(Other Names: Mono de Sclater, Sclater's Guenon, White-throated Guenon)
Cercopithecus sclateri (C. erythrotis s.)
1. Profile (Picture)
Sclater's guenon weighs 2.5 - 4.5 kg (5.5 - 9.9 lb). It is found in patches of swamp
and riverine forest. The diet of Sclater's guenon is not known, but, based on the diet of
related species, it is likely to be a mixed feeder with a preference for plant parts,
especially fruit. Related species are found in troops of 4 - 30 or more.
*** Some primate species have proven remarkably resistant to habitat fragmentation, with groups surviving in forest patches in West Africa that have been isolated by human activities. In Nigeria, several populations of Sclater's guenon remain in small sacred forests. The recent evolutionary history of these primates has seen forest cover in west and central Africa much reduced on several occasions due to climate change in the past 20,000 years, so preadaptations to fragmented habitats may have taken place. (Tutin et al. 1997)
*** "...this is one of the rarest and most interesting monkeys in Africa..." (Kingdon 1997)
*** Sclater's guenon is considered by some to be a subspecies of the red-eared guenon, Cercopithecus erythrotis.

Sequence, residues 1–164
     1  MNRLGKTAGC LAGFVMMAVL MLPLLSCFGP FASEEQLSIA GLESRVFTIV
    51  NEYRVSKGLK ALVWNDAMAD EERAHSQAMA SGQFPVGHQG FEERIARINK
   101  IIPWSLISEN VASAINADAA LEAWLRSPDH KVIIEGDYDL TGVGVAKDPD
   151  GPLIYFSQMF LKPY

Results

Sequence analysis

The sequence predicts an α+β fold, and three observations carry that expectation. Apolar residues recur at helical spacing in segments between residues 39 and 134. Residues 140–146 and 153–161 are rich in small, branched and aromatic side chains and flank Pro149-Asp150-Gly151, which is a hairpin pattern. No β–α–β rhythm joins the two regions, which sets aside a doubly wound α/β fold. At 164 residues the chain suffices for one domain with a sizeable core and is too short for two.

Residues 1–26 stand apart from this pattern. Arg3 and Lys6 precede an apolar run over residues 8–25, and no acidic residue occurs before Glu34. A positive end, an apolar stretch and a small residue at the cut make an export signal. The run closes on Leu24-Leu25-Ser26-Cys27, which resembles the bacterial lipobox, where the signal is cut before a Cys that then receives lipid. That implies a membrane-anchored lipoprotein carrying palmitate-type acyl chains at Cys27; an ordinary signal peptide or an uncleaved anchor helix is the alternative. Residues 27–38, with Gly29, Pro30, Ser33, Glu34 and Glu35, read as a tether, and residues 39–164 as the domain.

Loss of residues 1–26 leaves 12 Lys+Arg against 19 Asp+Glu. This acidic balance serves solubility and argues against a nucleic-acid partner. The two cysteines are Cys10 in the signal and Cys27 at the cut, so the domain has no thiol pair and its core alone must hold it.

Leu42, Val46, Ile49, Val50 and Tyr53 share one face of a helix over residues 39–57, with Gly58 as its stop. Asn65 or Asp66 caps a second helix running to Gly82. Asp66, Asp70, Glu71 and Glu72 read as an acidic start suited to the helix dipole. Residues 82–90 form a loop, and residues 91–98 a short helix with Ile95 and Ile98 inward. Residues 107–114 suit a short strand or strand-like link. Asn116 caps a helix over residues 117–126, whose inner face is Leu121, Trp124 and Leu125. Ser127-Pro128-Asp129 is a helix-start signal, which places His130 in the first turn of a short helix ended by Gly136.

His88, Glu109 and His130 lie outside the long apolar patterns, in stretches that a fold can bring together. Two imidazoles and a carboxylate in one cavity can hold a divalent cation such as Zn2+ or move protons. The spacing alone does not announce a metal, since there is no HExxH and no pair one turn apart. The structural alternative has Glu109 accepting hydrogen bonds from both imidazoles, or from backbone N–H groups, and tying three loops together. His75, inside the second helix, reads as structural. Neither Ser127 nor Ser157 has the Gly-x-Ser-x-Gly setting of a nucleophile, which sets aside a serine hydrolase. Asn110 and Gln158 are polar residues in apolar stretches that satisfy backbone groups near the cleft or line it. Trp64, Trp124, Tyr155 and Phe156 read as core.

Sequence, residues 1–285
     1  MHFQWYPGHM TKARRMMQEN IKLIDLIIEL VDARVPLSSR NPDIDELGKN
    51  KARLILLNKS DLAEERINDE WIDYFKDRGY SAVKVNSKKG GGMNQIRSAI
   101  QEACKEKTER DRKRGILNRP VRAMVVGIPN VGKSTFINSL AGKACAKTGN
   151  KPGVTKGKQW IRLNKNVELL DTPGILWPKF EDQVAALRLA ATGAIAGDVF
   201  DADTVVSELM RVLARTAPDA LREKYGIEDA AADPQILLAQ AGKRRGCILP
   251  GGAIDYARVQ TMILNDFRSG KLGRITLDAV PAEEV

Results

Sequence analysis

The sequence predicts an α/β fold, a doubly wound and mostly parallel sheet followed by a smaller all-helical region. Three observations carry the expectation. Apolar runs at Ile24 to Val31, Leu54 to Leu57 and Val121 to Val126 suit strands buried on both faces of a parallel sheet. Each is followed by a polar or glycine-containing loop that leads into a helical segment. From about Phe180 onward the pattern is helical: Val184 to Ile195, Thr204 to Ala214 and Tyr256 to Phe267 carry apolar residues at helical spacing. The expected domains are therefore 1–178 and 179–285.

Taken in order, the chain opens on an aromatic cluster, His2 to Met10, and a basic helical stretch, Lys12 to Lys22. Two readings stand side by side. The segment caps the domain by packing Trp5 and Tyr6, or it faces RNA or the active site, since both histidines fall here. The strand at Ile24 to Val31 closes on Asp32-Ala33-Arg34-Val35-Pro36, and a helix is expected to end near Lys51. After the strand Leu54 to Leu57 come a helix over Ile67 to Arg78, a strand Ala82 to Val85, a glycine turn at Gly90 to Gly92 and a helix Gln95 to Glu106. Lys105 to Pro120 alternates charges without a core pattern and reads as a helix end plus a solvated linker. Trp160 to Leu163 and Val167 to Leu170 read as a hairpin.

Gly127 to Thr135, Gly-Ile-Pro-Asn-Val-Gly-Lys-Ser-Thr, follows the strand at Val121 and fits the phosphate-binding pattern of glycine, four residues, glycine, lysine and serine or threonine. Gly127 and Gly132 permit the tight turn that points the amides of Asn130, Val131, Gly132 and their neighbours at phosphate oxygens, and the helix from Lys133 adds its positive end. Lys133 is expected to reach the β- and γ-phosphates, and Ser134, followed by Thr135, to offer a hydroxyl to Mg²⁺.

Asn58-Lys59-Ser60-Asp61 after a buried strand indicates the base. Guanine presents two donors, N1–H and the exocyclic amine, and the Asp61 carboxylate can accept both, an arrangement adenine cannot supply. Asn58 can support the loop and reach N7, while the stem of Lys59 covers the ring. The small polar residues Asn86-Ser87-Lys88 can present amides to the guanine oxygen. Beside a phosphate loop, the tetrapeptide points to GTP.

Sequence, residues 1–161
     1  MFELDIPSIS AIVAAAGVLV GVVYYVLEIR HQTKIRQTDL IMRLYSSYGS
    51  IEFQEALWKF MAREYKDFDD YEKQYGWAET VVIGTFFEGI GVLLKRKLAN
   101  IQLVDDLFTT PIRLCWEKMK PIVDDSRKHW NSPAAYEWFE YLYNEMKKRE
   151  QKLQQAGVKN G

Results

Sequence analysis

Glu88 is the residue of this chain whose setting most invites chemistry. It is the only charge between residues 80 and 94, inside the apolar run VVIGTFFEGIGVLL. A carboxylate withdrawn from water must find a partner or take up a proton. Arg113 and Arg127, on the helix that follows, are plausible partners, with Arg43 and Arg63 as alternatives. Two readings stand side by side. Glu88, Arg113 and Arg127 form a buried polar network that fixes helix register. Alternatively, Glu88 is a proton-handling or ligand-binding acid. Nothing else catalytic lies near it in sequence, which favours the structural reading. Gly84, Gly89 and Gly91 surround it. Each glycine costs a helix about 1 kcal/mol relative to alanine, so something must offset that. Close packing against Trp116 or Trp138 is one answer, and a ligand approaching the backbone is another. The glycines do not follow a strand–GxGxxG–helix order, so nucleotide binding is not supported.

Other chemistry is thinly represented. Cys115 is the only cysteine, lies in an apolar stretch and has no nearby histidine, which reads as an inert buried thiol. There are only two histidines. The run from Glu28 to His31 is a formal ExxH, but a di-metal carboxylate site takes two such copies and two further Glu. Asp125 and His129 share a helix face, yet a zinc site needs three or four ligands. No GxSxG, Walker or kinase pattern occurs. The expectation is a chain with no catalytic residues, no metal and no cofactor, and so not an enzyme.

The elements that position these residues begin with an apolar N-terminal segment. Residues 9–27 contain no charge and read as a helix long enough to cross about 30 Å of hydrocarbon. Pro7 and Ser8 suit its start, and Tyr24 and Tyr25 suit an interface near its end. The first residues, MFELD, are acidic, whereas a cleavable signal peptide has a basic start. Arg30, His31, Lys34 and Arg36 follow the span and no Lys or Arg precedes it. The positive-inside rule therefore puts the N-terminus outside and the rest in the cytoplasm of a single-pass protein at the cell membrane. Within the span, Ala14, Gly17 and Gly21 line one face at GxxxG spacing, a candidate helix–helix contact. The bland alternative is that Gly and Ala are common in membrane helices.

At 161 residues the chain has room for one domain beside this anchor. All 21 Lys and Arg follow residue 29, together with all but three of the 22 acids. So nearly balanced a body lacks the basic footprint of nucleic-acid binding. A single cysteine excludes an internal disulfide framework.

Sclater's guenon was thought possibly to be extinct until it was found to be surviving in 1988. It is found in Nigeria in small scattered populations along the lower course of the Niger River and in the R. Niger delta. Only five discrete populations are currently known. Two of them occur close to villages where they are considered to be sacred and are therefore protected. Each protected group numbers fewer than 250 individuals. The other populations are located in swamp forest on the Niger River floodplain, in Stubbs Creek Forest Reserve in Anambra State and on the west bank of the Cross River near Utuma village. (Stuart & Stuart 1996)
Some populations of Sclater's guenon are heavily hunted.
African Mammals Databank 2004, Cons. Intl. 2005, IUCN 1994, IUCN 1996, IUCN 2000, IUCN 2003a, IUCN 2004, Kids Ecology Corps, Kingdon 1997, Oates 1996, Primate Conservation, Inc., Stuart & Stuart 1996, Tutin et al. 1997
Last modified: October 21, 2005;